Narcissism noises are loud. And they never stop.
My second husband wasn’t a large man.
He wasn’t slight, but he edged up to slight. His particular brand of narcissism was quieter than my dad. He rarely raised his voice.
His voice was soft and gentle. His words were toxic.
- You are a danger to yourself.
- You need to be on lithium.
- You can only work with what you’ve got. There’s no shame in that.
His words weren’t loud, but they carried weight. He wasn’t quiet, though.
We lived in a third floor three bedroom apartment. The stairs leading up were wooden. I always knew when he was home, because even though he was very nearly slight, he stomped up the stairs like an angry yeti.
Everyone in the building knew when he was home.
He didn’t like when I read a book. He never complained, but any time I read a book, anything he touched would be slammed into place. There were many deep, exasperated sighs. Within an hour, my anxiety would be through the roof and I would put the book aside. I learned to only read when he wasn’t at home or after he fell asleep at night.
Then, there was the boss I had at my last job. He was the VP of IT.
He had a room full of programmers and, mostly, we programmers like a quiet environment. But he needed attention.
At least once a day, he would stroll through the department and slowly, but loudly, clap his hands.
He’d start a rally cry that usually was a variation of “Okay, MEN! Let’s make it happen today!” Usually, he would ignore me and the other woman in the department. Every once in a whole, if we were super lucky, he’d turn his head our way and say “ladies.” I hated the clapping. Every clap would make me jump. I still want to hit him in the face with a rotten fish.
My dad, though, my dad was just loud.
He had to have eyes on him most of the time.
When he came home from work, he would announce that the king had arrived and god help me and my sisters if we didn’t come running and do a sincere happy dance at his arrival.
That wasn’t so bad, though. I was used to it. It was a ritual.
It was the yelling that was intolerable. He yelled a lot.
I remember the last time he yelled at me. Probably a month or two before he had his heart episode that left him slightly brain damaged. And quiet.
Often, he would yell because he wasn’t included in a conversation. If he wasn’t the center of every conversation, he took that as a slight. He never really needed a reason, if there wasn’t a reason handy, he’d make one up on the fly.
My second marriage had crumbled and I had been spending time online talking to some dude from Missouri named Randy. My darkest time was at the end of my second marriage.
I was living under the threat of being committed to a psych ward against my will.
My husband had befriended a doctor in his AA group and the two of them decided together that I was batshit crazy and needed intensive help. Mind you, the doctor had never met me. I mean, I can’t say for sure, but I have to think this doctor was a complete psycho. What kind of doctor conspires to lock someone up that they had never met? Narcissists of a feather. I guess. Or, he didn’t exist.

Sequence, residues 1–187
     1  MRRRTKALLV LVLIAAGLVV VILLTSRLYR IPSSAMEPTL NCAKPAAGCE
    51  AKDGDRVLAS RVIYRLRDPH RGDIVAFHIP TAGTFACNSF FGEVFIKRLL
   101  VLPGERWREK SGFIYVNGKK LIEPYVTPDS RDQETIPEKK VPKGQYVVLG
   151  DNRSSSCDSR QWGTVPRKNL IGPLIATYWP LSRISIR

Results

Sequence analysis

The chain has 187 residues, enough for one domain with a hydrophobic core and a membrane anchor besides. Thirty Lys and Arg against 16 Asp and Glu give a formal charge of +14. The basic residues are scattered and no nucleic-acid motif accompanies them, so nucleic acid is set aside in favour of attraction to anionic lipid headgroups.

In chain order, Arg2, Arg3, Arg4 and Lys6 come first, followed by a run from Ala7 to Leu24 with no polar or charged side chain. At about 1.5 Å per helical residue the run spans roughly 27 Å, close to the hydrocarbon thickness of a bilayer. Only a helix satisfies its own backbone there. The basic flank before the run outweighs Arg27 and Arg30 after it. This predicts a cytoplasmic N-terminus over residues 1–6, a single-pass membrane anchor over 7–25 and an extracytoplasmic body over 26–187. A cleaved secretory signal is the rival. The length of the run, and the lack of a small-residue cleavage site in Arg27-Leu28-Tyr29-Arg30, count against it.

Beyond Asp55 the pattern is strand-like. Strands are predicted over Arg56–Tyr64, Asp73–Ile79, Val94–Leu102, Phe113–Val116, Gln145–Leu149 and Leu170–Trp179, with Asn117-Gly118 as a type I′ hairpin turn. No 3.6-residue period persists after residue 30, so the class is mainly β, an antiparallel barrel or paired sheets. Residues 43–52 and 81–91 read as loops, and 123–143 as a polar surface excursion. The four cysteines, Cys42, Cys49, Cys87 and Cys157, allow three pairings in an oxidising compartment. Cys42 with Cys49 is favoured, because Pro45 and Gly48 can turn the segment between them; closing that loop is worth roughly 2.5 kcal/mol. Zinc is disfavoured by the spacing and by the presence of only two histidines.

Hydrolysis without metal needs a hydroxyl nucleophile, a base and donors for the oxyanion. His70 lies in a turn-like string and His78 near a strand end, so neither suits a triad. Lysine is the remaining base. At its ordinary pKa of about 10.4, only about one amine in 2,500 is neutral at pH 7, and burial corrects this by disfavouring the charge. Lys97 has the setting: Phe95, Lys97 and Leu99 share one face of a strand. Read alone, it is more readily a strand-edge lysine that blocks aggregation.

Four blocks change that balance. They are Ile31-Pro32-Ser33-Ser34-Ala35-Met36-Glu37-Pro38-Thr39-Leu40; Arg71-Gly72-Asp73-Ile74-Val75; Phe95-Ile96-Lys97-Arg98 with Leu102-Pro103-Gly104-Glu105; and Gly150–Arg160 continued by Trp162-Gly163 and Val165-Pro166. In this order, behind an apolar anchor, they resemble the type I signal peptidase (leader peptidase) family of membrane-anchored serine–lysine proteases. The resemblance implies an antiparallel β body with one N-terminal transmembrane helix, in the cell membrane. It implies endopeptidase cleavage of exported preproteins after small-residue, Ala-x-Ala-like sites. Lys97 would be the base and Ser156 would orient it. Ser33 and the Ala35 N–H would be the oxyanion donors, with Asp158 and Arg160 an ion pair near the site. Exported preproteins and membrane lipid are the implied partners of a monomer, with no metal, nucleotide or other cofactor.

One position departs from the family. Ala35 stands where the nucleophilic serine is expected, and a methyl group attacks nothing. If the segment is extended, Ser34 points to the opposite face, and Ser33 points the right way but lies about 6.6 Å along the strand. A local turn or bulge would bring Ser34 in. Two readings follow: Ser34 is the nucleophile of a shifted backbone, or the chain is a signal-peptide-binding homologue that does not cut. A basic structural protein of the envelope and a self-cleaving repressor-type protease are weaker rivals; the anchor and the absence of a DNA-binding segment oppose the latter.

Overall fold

My second husband’s specialty was gaslighting.
Anyway, I had gone to my parents house for a visit. Middle sister and I were at the dining room table talking about whatever it was we talked about 23 years ago.
My father came storming up to the table. His face was already purple.
He bellowed at us “If the two of you want to call me an asshole, then fucking do it to my face, you cowards.”
I never learned my lesson.
I lost every single shouting match we had ever been in, but constant failure never dissuaded me from answering back. I didn’t raise my voice. I just told him “We actually weren’t talking about you at all, but if you want me to call you an asshole, then I will. Asshole.”
I don’t remember much after that. I know I was called a fucking little bitch a few times.
That was his favorite pet name for me. Fucking little bitch.
I left in tears and went home to a man who wanted to lock me up.
I remember that argument because that was the first time I ever talked to Randy on the phone. I came home and my husband was out. I got online and poured my heart out to Randy in a private chatroom on AOL and he called me. So, it wasn’t a completely horrible day.
Ever since watching as much of the Dr. Ford/Kavanaugh hearing as I could, I’ve been thinking about the noise these narcissists make.
Dr. Ford stayed composed, even though her voice shook. She answered questions. She was coherent and respectful and she broke my heart a million times.
Then Punchable Face McRapey Hands got his moment in the hot seat.
The screaming and stammering and blubbering were both sickening to watch and perversely pleasurable.
He was miserable and I was glad. He made all the sounds that malignant narcissists make when they are cornered. He was nasty, threatening and hysterical. His meltdown was no different than the meltdowns I watched my father have hundreds of times. Different words. Same behavior.
He is a breath away from sitting on the highest court in the land.
I hope everyone understands how very dangerous this is. I hope everyone understands how much peril we are in.
I hope everyone understands that his meltdown isn’t the worst one coming. There are more coming and the heavens help us all when it happens. The president’s meltdowns are going to make Kavanaugh’s look like child’s play.
Please make sure you are registered to vote in the midterms. If you are able, there is no excuse to not vote. Convince your family. Convince your friends. Our democracy depends on it.
Photo courtesy of Epyc Wynn.